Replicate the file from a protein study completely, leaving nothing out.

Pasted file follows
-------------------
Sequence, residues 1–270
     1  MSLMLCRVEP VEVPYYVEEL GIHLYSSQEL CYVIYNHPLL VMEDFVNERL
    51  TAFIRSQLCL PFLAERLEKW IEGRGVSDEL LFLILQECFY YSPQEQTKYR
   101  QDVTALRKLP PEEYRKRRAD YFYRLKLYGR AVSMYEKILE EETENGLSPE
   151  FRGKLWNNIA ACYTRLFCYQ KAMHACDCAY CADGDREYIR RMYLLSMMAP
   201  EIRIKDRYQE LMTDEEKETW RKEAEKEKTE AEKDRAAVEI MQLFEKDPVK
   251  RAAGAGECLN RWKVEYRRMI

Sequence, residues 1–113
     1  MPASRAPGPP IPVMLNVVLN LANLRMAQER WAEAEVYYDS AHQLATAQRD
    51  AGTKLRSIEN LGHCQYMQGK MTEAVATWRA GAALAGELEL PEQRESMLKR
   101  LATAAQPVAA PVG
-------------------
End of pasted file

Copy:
Sequence, residues 1–270
     1  MSLMLCRVEP VEVPYYVEEL GIHLYSSQEL CYVIYNHPLL VMEDFVNERL
    51  TAFIRSQLCL PFLAERLEKW IEGRGVSDEL LFLILQECFY YSPQEQTKYR
   101  QDVTALRKLP PEEYRKRRAD YFYRLKLYGR AVSMYEKILE EETENGLSPE
   151  FRGKLWNNIA ACYTRLFCYQ KAMHACDCAY CADGDREYIR RMYLLSMMAP
   201  EIRIKDRYQE LMTDEEKETW RKEAEKEKTE AEKDRAAVEI MQLFEKDPVK
   251  RAAGAGECLN RWKVEYRRMI

Sequence, residues 1–113
     1  MPASRAPGPP IPVMLNVVLN LANLRMAQER WAEAEVYYDS AHQLATAQRD
    51  AGTKLRSIEN LGHCQYMQGK MTEAVATWRA GAALAGELEL PEQRESMLKR
   101  LATAAQPVAA PVG